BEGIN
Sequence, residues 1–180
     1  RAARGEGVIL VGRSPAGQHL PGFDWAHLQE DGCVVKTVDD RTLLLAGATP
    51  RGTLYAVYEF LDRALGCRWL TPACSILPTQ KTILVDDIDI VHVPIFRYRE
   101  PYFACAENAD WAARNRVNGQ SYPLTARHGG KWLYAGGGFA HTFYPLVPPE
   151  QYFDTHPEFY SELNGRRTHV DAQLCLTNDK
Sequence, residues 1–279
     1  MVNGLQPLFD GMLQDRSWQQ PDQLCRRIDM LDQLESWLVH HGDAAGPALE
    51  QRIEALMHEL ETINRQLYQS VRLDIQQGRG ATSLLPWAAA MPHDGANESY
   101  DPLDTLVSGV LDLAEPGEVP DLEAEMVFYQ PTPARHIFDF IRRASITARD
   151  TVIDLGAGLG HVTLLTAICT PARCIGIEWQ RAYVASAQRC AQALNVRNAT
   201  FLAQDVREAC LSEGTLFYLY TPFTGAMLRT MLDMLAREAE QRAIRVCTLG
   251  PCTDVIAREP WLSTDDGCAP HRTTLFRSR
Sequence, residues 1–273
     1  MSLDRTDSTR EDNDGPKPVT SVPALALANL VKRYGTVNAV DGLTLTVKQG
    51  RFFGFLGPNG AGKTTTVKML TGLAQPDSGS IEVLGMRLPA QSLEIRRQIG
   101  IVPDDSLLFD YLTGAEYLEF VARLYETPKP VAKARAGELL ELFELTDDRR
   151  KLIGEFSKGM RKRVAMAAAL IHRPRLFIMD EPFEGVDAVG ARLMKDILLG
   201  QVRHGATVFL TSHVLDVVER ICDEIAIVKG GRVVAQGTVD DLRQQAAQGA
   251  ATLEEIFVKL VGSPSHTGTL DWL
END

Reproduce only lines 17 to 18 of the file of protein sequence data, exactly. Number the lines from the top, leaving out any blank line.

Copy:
   151  KLIGEFSKGM RKRVAMAAAL IHRPRLFIMD EPFEGVDAVG ARLMKDILLG
   201  QVRHGATVFL TSHVLDVVER ICDEIAIVKG GRVVAQGTVD DLRQQAAQGA